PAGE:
Various types of portable golf cart covers are commercially available. Most previous attempts at providing such a climate-controlled environment for golfers have centered on completely enclosing the golf cart, the golf cart being a means for transportation as well as providing shelter. These covers are typically draped over the entire cart in anticipation of poor weather conditions and are constructed from several panels of a water-repellent material such as flexible plastic, canvas or tarpaulin. These covers also include a transparent plastic material, at least in the front panel for purposes of visibility. The panels may be joined to one another by sewing or with heavy duty zippers. Such covers are usually attached to the cart by means of hooks and/or clips. A zippered or snapped slit in one or both sides of the cover allows the golfer access into and out of the cart.

Although most of the above described covers provide adequate protection from the rain, they have numerous drawbacks. For example, access into and out of the golf cart is made much less convenient because of the continuous need to zip/unzip or snap/unsnap the slit opening in the side. In order to access golf clubs or other items placed in the rear of the golf cart, the back cover of the enclosure must be opened or removed to some extent to allow access therein which results in the enclosed area within the golf cart being exposed to the inclement weather, thereby negating the enclosure's protective effect.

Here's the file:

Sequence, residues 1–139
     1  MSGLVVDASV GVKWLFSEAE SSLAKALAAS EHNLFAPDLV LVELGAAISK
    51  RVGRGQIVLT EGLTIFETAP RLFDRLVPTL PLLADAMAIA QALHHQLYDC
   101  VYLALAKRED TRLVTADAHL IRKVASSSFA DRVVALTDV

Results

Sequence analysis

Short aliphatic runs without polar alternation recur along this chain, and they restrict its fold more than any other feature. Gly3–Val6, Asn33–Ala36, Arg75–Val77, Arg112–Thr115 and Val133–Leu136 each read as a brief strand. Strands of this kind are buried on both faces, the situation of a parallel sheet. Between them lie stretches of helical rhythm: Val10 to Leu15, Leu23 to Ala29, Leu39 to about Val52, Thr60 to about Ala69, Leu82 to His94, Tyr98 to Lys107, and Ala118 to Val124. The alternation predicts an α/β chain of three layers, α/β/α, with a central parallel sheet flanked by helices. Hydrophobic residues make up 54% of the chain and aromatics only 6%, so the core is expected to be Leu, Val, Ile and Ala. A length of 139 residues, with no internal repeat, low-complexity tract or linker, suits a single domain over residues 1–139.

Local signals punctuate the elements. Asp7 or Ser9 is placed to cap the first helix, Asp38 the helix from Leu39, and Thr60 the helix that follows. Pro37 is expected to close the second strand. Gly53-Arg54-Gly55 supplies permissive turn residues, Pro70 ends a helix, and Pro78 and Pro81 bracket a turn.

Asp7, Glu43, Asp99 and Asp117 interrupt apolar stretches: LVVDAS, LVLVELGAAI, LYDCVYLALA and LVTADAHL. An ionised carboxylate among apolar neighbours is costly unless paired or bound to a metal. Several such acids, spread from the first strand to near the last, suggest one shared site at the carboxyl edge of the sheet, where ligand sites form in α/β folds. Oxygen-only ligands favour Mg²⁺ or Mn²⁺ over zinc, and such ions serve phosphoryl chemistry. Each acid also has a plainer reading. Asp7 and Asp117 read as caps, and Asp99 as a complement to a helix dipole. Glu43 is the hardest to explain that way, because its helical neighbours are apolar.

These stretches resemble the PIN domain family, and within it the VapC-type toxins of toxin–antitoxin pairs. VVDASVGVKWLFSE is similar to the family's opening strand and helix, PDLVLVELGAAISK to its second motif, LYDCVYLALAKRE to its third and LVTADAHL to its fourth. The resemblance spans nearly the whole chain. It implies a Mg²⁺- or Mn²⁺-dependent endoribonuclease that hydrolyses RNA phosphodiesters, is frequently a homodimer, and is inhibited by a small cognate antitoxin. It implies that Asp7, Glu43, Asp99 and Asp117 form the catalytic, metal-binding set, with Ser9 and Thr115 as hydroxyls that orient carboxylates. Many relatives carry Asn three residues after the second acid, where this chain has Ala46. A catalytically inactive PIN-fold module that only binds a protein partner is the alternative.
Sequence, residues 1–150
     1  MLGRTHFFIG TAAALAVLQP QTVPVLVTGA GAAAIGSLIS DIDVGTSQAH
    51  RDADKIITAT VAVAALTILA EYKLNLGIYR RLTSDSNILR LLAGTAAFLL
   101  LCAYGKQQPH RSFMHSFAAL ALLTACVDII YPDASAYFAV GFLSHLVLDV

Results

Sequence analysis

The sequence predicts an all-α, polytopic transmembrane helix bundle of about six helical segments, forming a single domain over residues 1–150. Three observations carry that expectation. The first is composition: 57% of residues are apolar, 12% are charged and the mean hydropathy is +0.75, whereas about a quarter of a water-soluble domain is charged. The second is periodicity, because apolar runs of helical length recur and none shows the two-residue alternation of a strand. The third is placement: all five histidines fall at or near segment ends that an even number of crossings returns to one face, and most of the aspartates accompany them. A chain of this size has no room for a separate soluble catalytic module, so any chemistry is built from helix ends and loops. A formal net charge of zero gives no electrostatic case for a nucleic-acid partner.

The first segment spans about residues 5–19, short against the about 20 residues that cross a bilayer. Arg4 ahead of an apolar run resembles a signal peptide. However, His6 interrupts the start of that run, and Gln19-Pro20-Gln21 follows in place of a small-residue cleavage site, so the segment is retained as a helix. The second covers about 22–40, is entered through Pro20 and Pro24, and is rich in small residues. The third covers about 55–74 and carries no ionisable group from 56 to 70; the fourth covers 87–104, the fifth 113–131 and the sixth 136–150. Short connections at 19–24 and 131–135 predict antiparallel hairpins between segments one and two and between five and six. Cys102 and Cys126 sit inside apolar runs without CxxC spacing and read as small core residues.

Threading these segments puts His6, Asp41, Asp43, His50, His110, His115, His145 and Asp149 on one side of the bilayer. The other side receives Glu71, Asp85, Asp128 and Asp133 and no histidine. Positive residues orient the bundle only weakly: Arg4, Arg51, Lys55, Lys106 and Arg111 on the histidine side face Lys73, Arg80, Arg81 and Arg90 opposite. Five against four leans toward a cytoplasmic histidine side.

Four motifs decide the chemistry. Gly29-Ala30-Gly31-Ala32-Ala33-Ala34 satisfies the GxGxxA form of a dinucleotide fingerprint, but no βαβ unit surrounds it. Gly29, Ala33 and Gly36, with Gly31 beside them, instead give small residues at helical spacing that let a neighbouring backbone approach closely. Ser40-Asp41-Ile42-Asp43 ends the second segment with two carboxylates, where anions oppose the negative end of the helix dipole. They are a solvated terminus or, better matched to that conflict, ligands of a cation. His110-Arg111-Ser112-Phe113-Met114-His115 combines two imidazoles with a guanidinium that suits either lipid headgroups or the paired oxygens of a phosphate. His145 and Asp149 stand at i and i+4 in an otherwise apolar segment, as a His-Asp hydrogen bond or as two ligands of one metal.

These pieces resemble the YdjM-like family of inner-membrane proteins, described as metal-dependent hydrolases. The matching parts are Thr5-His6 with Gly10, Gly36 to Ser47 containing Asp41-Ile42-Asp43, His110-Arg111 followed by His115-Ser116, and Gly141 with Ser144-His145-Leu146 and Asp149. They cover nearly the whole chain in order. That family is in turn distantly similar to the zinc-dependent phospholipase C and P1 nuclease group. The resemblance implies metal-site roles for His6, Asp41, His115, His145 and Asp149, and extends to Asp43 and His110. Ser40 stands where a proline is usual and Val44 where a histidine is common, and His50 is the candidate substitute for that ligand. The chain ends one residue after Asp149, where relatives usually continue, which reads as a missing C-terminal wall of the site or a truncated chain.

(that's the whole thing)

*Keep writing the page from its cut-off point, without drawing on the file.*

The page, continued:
The limitations associated with current golf cart covers further include the fact that canvas and tarpaulin are relatively heavy weight, thick materials which inhibit the folding of a cover constructed of this material to a size which is compact and easy to transport and store. Again, because this material is generally heavy weight, panels must be joined by sewing them together or by sewing in heavy duty zippers or snaps, all of which leads to higher manufacturing costs. Additionally, the stitching may eventually weaken and tear, and the zippers often stick, or are prone to breakage if the golfer does not completely open the zipper before entering or exiting the golf cart. As a result of these disadvantages, the current golf cart covers are preferably removed each time the rain or cold weather conditions subside which is time consuming, cumbersome and unpleasant. Moreover, folding the cover up and onto the roof of the golf cart when not in use tends to give an unsightly appearance.

Yet another disadvantage of the current golf cart covers is that the means for attachment of the cover to the cart can be cumbersome. Typically, the covers are secured by attaching hooks or clips, located along the bottom edge of the cover and permanently affixed thereto, to the underside of the cart. When the cover is attached to the underside of the cart, access to the passenger compartment is often awkward and somewhat limited.